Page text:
Author: Hilary Mantel
Provided Synopsis: England in the 1520s is a heartbeat from disaster. If the king dies without a male heir, the country could be destroyed by civil war. Henry VIII wants to annul his marriage of twenty years, and marry Anne Boleyn. The pope and most of Europe opposes him. The quest for the king’s freedom destroys his adviser, the brilliant Cardinal Wolsey, and leaves a power vacuum.
Into this impasse steps Thomas Cromwell. Cromwell is a wholly original man, a charmer and a bully, both idealist and opportunist, astute in reading people and a demon of energy: he is also a consummate politician, hardened by his personal losses, implacable in his ambition. But Henry is volatile: one day tender, one day murderous. Cromwell helps him break the opposition, but what will be the price of his triumph?
Review: The best advice I can impart with those interested in this book is to savor it. I made the mistake of waiting until the very end of the library due date to begin my read and was thus forced to rapidly complete it. With as many pages as it has and with as many years it covers, this is the kind of story that needs to be read slowly so that it can be appreciated the most for what it is — because this is a miraculous piece of historical fiction that all interested in Tudor England shall enjoy.
Wolf Hall is the first of the Thomas Cromwell trilogy. It follows Thomas as a young boy living in Putney, to his journey across the sea, to his employment with Cardinal Wolsey, to his rise in favor in the eyes of King Henry VIII and his court, to the difficulties to secure a divorce and remarriage (to Anne Boleyn) for the King, and to the demise of Sir Thomas More. To my knowledge, history has often colored Thomas Cromwell to be a ruthless individual and therefore one worth a great deal of scorn. In this story, he can be painted in a sympathetic light as the reader is allowed to see the rationale behind his decisions and the forces that shaped how he could respond. He is a man who did as the King desired.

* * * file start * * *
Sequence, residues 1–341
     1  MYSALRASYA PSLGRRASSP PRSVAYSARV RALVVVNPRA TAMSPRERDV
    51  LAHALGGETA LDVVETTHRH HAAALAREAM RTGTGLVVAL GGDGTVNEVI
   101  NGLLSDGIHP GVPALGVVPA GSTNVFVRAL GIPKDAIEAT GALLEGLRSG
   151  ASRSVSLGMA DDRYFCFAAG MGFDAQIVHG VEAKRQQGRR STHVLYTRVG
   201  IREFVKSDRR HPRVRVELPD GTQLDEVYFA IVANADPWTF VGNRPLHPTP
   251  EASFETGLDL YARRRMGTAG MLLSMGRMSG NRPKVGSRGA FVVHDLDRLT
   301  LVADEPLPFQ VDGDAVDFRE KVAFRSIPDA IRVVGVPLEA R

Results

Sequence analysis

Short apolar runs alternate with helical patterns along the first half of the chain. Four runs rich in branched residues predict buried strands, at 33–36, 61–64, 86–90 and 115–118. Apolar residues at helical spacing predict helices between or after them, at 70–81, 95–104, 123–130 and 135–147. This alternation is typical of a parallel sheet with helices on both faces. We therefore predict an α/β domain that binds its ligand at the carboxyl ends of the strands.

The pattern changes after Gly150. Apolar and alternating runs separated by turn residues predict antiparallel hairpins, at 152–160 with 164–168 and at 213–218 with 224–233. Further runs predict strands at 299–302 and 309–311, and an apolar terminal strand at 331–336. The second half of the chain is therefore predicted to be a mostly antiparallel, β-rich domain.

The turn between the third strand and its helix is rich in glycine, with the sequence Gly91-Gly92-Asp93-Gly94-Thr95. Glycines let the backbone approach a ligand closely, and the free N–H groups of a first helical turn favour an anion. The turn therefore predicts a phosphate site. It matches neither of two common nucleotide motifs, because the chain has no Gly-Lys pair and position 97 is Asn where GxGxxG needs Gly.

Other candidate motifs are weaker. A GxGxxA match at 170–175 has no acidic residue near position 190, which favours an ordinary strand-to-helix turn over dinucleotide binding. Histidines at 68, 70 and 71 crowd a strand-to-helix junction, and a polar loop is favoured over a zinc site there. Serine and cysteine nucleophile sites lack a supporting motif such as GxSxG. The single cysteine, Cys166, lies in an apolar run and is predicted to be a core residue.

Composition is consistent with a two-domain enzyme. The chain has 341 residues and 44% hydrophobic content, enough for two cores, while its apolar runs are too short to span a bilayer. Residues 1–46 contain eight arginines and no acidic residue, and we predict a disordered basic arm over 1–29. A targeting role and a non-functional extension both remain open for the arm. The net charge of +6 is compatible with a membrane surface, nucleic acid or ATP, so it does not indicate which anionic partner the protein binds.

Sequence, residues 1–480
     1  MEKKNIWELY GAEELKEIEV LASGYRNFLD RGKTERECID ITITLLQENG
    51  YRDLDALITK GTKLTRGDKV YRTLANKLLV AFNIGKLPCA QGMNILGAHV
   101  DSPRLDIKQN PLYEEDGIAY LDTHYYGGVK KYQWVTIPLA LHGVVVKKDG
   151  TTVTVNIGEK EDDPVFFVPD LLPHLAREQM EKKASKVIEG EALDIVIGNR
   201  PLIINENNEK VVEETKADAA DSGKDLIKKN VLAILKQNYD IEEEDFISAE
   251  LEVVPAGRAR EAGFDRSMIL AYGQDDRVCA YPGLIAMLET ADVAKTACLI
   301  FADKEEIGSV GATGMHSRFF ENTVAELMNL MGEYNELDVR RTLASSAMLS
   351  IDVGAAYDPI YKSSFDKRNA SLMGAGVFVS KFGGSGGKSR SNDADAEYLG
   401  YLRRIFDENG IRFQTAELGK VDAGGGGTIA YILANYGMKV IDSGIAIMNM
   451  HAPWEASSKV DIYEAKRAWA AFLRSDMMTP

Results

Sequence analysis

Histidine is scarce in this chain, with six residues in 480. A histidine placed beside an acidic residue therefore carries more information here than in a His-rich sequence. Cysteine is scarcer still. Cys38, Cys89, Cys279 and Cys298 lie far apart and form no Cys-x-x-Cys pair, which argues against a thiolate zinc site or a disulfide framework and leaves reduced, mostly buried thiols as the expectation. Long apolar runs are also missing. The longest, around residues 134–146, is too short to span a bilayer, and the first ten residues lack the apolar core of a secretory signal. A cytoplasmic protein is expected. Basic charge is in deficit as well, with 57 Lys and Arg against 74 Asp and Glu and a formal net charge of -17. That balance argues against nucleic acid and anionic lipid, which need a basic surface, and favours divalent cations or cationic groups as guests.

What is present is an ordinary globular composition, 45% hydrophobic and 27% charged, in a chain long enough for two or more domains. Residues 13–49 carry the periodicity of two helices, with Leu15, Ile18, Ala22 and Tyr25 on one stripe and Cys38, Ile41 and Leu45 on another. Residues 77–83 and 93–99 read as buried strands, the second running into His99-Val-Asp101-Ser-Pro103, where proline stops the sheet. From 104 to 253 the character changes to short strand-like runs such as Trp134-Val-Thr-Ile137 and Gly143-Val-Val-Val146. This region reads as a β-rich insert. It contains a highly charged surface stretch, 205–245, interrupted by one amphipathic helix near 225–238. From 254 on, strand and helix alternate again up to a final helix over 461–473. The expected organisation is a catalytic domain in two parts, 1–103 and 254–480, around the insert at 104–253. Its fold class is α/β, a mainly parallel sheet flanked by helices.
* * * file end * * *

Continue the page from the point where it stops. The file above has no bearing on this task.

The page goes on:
All of the key players from this time period are present, as well as a few others I had brief knowledge of before I read. There is no doubt Mantel has done her research. History has often retold this period many times over, so there is no suspense in the story; nor do I believe the reader should expect some. And while I liked this story, even I can admit that some parts were a bit too dense and had my eyes glaze over, but I still think a great deal of that reaction can be attributed to how fast I had to read. For me, the greatest amount of excitement came from the final pages of the book: because now the Court is off to Wolf Hall, which is the home of the Seymour family. The beginning of Anne’s demise follows and that has always been a topic of interest.